Let $K$ be an ideal of the direct product $R\times S$.
Define
\[I=\{a\in R \mid (a,b)\in K \text{ for some } b\in S\}\]
and
\[J=\{b\in S \mid (a, b)\in K \text{ for some } a\in R\}.\]

We claim that $I$ and $J$ are ideals of $R$ and $S$, respectively.

Let $a, a’\in I$. Then there exist $b, b’\in S$ such that $(a, b), (a’, b’)\in K$.
Since $K$ is an ideal we have
\[(a,b)+(a’,b’)=(a+a’, b+b)\in k.\]

It follows that $a+a’\in I$.
Also, for any $r\in R$ we have
\[(r,0)(a,b)=(ra,0)\in K\]
because $K$ is an ideal.

Thus, $ra\in I$, and hence $I$ is an ideal of $R$.
Similarly, $J$ is an ideal of $S$.

Next, we prove that $K=I \times J$.
Let $(a,b)\in K$. Then by definitions of $I$ and $J$ we have $a\in I$ and $b\in J$.
Thus $(a,b)\in I\times J$. So we have $K\subset I\times J$.

On the other hand, consider $(a,b)\in I \times J$.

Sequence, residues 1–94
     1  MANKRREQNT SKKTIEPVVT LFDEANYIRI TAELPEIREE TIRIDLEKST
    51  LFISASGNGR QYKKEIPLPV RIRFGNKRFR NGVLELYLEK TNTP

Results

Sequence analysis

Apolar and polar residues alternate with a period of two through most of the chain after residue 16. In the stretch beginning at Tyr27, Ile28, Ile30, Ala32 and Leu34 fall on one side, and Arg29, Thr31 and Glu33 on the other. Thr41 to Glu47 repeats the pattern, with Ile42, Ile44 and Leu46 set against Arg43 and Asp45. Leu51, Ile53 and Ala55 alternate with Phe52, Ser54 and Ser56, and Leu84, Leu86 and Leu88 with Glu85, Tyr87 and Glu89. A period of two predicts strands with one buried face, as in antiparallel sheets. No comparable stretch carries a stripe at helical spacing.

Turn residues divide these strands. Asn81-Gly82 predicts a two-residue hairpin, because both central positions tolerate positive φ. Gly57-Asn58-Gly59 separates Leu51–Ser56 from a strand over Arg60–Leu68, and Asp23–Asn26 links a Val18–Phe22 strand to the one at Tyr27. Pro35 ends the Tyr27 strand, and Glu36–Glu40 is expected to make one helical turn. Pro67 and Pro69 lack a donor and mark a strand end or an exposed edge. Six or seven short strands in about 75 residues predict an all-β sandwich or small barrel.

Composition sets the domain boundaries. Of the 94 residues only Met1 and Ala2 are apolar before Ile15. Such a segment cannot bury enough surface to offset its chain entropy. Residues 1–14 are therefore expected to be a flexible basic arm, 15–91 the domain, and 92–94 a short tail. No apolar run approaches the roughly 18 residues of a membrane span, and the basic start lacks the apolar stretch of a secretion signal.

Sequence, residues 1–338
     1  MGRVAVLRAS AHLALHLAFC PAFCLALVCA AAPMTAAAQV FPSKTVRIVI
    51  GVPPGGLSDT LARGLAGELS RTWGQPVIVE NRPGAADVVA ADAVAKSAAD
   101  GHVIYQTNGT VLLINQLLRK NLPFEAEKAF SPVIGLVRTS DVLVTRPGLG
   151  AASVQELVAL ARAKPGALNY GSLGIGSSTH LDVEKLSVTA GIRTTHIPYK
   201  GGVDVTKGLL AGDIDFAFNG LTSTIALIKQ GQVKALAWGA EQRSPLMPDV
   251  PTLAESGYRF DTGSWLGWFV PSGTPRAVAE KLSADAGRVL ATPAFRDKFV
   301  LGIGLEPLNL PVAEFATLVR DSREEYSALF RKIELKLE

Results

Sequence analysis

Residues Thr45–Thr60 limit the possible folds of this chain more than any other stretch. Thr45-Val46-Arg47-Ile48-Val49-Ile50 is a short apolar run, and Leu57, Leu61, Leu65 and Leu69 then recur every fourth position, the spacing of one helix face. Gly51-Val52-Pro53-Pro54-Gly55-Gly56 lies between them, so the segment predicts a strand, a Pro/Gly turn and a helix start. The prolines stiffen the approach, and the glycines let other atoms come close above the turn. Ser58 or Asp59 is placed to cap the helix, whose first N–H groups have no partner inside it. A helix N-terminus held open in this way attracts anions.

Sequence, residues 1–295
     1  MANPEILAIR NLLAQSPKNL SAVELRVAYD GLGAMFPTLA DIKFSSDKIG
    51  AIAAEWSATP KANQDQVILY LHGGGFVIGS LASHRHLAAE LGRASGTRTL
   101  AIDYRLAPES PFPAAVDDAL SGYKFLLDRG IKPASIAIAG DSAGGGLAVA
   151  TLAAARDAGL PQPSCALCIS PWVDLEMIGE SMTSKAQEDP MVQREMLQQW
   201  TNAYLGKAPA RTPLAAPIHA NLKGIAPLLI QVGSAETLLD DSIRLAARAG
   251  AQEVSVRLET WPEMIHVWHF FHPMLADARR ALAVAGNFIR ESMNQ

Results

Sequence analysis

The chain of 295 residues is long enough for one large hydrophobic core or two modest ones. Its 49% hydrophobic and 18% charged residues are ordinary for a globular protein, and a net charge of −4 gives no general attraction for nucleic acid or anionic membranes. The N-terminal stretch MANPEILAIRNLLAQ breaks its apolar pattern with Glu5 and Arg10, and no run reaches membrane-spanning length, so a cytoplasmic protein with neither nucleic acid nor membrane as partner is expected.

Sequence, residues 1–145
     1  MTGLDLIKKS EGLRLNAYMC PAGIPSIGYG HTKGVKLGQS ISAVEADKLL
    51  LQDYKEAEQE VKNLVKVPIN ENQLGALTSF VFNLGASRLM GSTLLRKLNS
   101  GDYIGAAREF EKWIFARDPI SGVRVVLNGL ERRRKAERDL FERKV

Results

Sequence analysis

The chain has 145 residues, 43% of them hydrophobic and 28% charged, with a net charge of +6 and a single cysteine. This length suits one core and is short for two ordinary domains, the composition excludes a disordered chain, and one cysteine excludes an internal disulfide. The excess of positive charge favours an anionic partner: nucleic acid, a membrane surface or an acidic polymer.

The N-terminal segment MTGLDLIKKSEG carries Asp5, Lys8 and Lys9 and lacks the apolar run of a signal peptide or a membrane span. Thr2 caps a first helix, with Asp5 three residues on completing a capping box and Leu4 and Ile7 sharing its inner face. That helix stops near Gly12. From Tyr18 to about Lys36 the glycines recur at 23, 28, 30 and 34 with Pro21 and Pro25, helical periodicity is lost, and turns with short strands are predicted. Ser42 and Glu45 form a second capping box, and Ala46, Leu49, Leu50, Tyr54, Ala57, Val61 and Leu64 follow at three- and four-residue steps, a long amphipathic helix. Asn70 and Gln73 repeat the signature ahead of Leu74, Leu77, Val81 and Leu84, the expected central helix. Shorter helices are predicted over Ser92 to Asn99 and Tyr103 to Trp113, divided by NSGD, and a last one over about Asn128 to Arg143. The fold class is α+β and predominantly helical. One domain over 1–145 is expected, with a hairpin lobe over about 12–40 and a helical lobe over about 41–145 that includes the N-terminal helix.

Since $a\in I$, there exists $b’\in S$ such that $(a, b’)\in K$.
Also since $b\in J$, there exists $a’\in R$ such that $(a’, b)\in K$.

As $K$ is an ideal of $R\times S$, we have
\[(1,0)(a,b’)=(a,0)\in K \text{ and } (0, 1)(a’,b)=(0, b)\in K.\]
It yields that
\[(a,b)=(a,0)+(0,b)\in K.\]
Hence $I\times J \subset K$.

Putting these inclusions together gives $k=I\times J$ as required.

Remark.

The ideals $I$ and $J$ defined in the proof can be alternatively defined as follows.
Consider the natural projections
\[\pi_1: R\times S \to R \text{ and } \pi_2:R\times S \to S.\]
Define
\[I=\pi_1(K) \text{ and } J=\pi_2(K).\]

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[…]

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